Teaching Kids about Money
Children, typically, are not taught about money management in the school curriculum. They’re taught about coins and notes and how to count them, but now how to manage and really understand money. So is it any wonder that so many adults go on to struggle with debt?
There are a number of life lessons we need to teach our children and teenagers – money is one of them. It’s a great way to prepare them for the real world. There are many benefits to teaching your child as early as possible. These include giving them a greater understanding of the connection between effort and reward, why saving is important, and how banks and cards work.
Earning Money (Reward and Effort)
“Do you really have to go to work today?” How many of us have heard our kids ask this in a pleading, “please stay at home” voice? I’m sure for most of us, our answer has been along the lines of a quick, “So that I can bring money into the house and pay the bills”. Children understand that mummy and daddy work – we work and get paid.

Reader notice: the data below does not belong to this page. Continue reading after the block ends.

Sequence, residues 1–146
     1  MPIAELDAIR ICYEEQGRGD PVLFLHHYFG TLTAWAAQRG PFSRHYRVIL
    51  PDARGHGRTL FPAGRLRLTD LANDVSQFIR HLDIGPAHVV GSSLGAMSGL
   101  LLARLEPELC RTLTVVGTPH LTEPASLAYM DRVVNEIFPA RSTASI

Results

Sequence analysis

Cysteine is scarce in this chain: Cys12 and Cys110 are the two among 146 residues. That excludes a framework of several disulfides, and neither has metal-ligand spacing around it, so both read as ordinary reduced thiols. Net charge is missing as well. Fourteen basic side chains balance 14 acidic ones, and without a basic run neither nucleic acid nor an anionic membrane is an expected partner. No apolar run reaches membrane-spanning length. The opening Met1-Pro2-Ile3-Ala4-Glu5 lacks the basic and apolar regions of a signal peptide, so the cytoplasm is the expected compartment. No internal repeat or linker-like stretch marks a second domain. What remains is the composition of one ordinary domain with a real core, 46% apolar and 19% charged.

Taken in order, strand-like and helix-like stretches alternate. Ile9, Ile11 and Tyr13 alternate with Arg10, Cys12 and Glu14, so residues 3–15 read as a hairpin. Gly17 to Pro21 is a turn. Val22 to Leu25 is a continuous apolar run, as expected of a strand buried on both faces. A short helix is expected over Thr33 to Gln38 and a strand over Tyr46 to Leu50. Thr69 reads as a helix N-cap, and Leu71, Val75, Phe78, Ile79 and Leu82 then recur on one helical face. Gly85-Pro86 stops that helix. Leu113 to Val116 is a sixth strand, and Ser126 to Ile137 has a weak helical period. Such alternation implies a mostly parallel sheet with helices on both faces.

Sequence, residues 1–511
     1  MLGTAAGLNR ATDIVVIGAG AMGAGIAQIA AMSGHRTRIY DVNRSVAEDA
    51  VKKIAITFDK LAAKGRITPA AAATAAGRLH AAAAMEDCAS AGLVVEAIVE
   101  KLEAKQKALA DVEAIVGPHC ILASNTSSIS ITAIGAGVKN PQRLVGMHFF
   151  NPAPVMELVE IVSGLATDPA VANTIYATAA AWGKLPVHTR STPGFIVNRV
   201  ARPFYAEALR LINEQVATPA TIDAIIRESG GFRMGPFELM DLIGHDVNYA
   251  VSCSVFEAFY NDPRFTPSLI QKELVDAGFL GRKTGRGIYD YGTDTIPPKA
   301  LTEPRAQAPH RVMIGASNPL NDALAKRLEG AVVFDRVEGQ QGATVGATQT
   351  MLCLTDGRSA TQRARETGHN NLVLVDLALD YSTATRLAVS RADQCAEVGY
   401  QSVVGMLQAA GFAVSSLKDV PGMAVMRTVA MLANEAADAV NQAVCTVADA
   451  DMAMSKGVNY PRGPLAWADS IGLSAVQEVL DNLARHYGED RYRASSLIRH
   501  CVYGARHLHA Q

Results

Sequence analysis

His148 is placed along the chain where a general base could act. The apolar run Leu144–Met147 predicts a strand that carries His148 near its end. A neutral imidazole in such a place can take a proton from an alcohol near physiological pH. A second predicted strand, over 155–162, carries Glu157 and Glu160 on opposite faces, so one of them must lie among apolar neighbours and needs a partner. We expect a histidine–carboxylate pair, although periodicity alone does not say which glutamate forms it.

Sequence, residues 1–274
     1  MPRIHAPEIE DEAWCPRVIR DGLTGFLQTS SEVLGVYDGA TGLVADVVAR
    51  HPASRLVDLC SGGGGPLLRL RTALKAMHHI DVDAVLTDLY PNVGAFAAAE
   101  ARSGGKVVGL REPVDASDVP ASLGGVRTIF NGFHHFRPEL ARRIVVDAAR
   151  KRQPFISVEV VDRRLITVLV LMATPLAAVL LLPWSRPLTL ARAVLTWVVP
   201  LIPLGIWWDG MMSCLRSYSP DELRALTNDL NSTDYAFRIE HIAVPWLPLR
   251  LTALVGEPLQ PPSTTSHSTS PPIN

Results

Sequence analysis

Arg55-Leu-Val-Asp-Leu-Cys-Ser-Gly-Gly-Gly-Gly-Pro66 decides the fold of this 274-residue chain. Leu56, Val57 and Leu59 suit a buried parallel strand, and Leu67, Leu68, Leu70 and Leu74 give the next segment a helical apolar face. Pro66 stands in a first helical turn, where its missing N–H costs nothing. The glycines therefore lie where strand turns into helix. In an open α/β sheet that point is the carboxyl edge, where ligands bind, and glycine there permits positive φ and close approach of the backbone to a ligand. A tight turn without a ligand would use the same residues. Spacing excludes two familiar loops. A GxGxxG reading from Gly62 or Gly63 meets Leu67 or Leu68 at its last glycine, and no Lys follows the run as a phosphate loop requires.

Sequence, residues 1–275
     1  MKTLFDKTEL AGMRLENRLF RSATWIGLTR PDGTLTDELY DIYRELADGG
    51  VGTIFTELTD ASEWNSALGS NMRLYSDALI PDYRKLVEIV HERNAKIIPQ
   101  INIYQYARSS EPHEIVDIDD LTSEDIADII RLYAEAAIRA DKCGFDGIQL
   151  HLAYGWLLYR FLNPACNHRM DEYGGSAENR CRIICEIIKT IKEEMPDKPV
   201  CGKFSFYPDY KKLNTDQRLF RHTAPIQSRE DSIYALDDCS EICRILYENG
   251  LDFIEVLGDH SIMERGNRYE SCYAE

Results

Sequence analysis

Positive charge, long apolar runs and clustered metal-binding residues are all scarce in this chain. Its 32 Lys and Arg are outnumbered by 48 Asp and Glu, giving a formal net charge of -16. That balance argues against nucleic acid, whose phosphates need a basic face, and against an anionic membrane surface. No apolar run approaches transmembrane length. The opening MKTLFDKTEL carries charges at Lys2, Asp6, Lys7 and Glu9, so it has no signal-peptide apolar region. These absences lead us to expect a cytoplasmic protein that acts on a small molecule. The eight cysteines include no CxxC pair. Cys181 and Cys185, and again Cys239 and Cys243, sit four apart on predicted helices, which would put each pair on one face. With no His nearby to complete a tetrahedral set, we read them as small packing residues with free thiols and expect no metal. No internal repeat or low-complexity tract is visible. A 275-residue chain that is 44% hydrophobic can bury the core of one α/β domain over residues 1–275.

This is a very valuable lesson for children to understand, effort equals reward. Pocket money is a great way to reinforce this message.
Banks and Cards (Credit & Debit)
Nowadays, so many of us pay for our shopping with a tap of our card or phone. It’s simple and quick. For children they don’t see money exchanging hands. There’s a disconnect between tapping the card and understanding that the card is linked to a bank account. And that account only a finite amount of money!
Debit card – this card is linked to your bank account. Every time you pay for something with that card, the same amount of money is taken out of your account and given to the shop.
Credit card – each time you pay for something on a credit card, you are spending the banks money. This money does not belong to you – the bank is lending you the money. They don’t do this free. You have to pay a fee for this.
There are some great children’s debit cards out there now. Where you can set spending limits, limit where they can be used, keep an eye on their spending, pay pocket money into, etc.
Saving is an important financial skill to have as an adult, so it makes sense that it is beneficial to start this habit from an early age.
Instead of your child spending their pocket/birthday/Christmas money all in one go, encourage them to save. They don’t have to save all of it but they could get into the habit of putting half into a long term savings account. With the other half they could save for an item they really want or use it as spending money.
Teaching children tips about money while they are young, will help them for a lifetime.